Dosages and Usage Periods
While both CBD and THC are generally safe to use therapeutically when dosed correctly, THC becomes more unsafe at higher dosages or strengths. It also has the potential to cause both short and long-term memory, cognition and coordination impairment. Studies have shown these effects are even worse comparatively than alcohol or tobacco use at similar dosages. THC affects the hippocampus, hypothalamus, and pre-frontal cortex, responsible for memory, attention, and learning. Using it for long periods can alter brain structure and cause long-term cognitive changes. These risks are also heightened when using products containing very high strengths of THC, such as dabs or ‘chronic’ strains of medical marijuana.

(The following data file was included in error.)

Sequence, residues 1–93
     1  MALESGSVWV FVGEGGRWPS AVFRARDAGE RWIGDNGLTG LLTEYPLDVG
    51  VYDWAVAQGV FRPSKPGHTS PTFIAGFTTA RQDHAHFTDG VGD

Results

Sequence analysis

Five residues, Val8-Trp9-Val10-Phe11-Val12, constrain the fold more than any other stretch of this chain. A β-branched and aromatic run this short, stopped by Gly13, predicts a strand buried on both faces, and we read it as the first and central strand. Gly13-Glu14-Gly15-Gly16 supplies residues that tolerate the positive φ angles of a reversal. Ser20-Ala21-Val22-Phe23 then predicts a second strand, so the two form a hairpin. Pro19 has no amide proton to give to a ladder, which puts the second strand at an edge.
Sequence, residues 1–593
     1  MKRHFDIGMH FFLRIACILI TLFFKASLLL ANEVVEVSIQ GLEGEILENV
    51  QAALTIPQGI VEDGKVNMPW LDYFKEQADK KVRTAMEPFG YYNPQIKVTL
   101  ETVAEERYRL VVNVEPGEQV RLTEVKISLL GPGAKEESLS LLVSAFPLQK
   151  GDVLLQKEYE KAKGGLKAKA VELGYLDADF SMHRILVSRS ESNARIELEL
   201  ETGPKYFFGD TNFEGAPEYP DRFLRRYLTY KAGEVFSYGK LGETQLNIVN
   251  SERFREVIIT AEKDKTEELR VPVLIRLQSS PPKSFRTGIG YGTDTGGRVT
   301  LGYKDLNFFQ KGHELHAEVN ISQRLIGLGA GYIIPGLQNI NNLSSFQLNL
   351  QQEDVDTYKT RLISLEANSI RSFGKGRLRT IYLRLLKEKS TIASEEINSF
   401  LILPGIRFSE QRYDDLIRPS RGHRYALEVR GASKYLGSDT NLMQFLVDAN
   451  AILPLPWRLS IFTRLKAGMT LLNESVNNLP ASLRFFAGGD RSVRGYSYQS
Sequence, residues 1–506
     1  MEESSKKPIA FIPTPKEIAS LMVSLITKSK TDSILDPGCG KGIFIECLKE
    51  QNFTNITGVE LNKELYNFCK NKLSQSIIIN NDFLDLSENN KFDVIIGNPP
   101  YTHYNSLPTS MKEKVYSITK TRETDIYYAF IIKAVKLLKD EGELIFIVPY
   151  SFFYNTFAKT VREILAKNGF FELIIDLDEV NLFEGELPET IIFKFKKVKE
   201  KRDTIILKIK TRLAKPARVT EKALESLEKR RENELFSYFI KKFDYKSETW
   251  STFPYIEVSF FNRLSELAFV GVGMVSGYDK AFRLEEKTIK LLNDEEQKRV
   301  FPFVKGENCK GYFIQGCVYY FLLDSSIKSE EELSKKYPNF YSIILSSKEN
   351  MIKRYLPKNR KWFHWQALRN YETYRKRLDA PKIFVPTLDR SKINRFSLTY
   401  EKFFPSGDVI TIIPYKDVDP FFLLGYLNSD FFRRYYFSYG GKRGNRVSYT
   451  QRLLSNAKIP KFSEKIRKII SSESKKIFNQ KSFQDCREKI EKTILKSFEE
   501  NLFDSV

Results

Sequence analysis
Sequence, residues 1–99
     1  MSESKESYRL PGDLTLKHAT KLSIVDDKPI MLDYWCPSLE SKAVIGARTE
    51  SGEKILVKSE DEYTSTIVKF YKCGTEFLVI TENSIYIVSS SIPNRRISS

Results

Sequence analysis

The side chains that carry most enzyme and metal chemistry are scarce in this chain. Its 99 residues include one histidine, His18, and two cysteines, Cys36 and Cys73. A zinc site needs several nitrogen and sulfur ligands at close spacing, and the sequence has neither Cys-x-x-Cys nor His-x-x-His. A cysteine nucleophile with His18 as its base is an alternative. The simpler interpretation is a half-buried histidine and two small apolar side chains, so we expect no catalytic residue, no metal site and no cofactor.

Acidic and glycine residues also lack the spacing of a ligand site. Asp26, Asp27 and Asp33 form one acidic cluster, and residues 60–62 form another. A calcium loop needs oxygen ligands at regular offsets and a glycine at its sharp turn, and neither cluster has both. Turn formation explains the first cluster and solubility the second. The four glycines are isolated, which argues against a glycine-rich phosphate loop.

CBD, on the other hand, can be used even at high dosages for long periods without any real risk of similar cognitive outcomes. Many clinical studies have used CBD in daily doses of beyond 600mg per day without any side effects presenting in subjects. It won’t cause long-term harm, which can occur with THC, and is much better suited for several chronic conditions. It’s a critical advantage that CBD has over comparable pharmaceutical drugs like NSAIDs. Many such drugs, like ibuprofen, cause toxicity or cardiovascular harm if taken over long periods, so they can’t be applied for chronic inflammation or pain. As such, CBD is well-positioned as a natural alternative anti-inflammatory in these instances.
Uses and Effects